We know that the global financial collapse occurred due to the trade in futures of mortgage bonds with parcelled up sub-prime mortgages which eventually collapsed. Sandel outlines a new futures market in ‘spin life’ polices, where a senior person buys a life policy and sells it on as a profit to an investor who can cash it in on his death. In 2006 the ‘spin-life’ market was worth €16 billion a year. The TV presenter Larry King had spun a life policy on his death, getting $1.4 million for the policy. In a subsequent litigation, King was perturbed when he found out that due to the further trades on this policy, he would not be aware whether ‘a wall street hedge fund or mafia don’ would be the one to cash in on his death.
Sandel demolishes the standard account within the economics discipline, popularised by Nobel Prize Winner Ken Arrow, that commercializing any activity doesn’t change or debase it: Titmuss’s study found that the supply and quality of blood donated voluntarily in the UK was higher than in the USA which relies upon for-profit agencies to collect blood donations. Interestingly contaminated blood from the US caused the scandal of state infected hepatitis C in Ireland previously (see page 47 of the Lindsay Report).
Titmuss’s work verifies Sandel’s two fold theory: firstly, taking blood from the poorest on Skid Row was deeply exploitative (his fairness argument); secondly, if blood was paid-for, people viewed it as a commodity which stripped them of their ‘moral responsibility’ to donate it (his corruption argument). Consequently, trading in blood corrupted the altruistic motivation to donate blood. This demonstrates the corrupting influence of markets by ‘crowding out’ selfless and socially beneficial behaviour.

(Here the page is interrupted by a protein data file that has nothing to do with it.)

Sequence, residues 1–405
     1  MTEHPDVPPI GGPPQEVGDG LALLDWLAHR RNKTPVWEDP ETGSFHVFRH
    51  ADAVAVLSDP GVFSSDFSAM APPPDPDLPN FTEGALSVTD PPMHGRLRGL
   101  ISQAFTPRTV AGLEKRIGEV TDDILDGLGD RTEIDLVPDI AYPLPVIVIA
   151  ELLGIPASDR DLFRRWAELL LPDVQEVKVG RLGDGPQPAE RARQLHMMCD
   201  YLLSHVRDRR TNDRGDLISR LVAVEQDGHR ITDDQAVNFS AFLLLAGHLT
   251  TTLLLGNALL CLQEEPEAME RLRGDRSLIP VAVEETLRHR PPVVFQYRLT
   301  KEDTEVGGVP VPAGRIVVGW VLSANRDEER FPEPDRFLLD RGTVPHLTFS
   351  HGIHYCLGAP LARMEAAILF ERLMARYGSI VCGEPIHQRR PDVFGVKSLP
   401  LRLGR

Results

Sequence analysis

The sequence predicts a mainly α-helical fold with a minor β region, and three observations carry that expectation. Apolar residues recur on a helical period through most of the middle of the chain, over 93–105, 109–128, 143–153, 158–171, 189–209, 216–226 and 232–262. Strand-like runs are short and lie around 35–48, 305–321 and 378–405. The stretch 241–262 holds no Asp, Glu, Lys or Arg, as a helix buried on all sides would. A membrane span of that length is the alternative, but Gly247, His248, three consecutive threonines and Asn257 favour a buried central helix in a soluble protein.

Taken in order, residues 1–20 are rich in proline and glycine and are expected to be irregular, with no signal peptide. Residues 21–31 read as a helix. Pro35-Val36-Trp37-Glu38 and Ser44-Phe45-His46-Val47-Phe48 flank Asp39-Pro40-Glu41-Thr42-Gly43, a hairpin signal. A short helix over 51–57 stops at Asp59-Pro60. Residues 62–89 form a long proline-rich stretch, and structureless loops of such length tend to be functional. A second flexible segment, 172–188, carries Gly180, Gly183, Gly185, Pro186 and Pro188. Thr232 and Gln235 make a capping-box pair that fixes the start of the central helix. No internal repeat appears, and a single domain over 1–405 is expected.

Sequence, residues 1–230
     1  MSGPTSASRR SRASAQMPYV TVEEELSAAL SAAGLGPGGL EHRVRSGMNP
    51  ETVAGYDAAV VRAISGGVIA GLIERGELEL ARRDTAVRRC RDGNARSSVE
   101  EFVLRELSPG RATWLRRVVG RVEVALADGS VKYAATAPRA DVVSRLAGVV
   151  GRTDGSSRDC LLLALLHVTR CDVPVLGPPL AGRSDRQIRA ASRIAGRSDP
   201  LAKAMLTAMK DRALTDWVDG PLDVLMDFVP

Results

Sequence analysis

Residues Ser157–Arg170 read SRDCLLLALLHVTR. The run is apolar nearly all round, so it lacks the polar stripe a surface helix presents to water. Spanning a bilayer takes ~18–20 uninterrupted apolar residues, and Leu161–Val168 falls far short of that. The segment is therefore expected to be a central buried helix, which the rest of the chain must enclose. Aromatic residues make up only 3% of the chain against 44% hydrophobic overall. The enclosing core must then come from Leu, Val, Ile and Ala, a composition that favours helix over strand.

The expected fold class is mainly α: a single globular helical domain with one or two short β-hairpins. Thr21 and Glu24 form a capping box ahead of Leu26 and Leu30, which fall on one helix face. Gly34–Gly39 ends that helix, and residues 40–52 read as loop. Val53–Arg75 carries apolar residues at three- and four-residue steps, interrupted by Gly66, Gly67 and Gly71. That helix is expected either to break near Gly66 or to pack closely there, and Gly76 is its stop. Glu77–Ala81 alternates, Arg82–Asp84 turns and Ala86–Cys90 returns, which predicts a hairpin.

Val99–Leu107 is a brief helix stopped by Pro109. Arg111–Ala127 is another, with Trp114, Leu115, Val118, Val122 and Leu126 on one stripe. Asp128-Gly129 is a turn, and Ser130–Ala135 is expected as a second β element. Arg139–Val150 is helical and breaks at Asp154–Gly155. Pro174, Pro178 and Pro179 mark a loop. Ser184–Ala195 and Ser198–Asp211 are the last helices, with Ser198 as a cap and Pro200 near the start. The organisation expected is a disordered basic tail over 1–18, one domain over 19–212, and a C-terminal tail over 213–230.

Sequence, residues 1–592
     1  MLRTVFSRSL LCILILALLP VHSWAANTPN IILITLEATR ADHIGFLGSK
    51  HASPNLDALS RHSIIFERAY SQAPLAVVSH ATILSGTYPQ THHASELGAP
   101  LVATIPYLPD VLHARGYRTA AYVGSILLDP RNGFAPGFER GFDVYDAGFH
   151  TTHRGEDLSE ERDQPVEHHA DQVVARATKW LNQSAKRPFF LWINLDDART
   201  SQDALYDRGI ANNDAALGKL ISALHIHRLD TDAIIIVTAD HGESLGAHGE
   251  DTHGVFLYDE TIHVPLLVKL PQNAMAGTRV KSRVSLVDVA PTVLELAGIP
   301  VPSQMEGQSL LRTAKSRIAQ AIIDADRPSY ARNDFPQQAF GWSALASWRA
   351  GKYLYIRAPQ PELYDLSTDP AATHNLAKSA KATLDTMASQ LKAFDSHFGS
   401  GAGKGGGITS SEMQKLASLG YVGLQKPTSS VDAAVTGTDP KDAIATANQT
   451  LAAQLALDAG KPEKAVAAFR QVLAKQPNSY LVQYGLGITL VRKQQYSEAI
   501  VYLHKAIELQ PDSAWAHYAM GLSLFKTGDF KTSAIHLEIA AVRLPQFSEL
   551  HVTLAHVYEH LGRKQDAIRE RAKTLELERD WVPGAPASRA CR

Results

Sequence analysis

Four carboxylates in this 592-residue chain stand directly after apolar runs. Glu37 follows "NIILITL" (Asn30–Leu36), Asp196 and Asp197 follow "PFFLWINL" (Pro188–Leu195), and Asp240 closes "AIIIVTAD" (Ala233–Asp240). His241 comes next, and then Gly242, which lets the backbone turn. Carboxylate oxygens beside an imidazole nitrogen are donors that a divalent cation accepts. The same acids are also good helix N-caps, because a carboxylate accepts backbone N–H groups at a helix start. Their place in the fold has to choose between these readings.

Further illustrations evidence a group of lawyers in the US who refused to do work for the American Association of Retired Persons when offered payment, but accepted once the work was done free on a voluntary basis. Also, in an Israeli crèche, most parents collected their children on time due to their moral responsibility. However, the latecomers increased once a price was introduced as a fine on late parents.
Sandel also refutes another central tenet of Arrow’s thinking: that good deeds are so scarce that we need to rely on the self interest of the market mostly. Sandel shows however that: “altruism, generosity and solidarity are not like commodities that are depleted with use. They are more like muscles that develop and grow stronger with exercise”.
He believes that policy makers will discourage altruistic social values by leaving everything to be determined by market forces. In this case, the moral imperative is lost. For example, a country or company may feel entitled to pollute the atmosphere with one ton of carbon, once it purchases a pollution permit for $18.
All of these examples display the ‘moral limits of markets’. By using the market to control the supply and demand for everything, social responsibility, public morality, fairness and doing the right thing will suffer. People possess strong norms of what is right and wrong. For example, most people believe that a market for human kidneys is wrong, as is the purchasing of a wedding speech online by the best man. We cannot allow markets to ‘crowd out’ these cherished beliefs and norms. We cannot, as suggested by the Chicago School’s Gary Becker, use ‘The Economic Approach’ for everything. This book patently demonstrates that this is a dangerous myth. It is one founded by an ideological school in economics which has served/is serving the world badly.
A shorter version of this review was published in the Irish Examiner in May.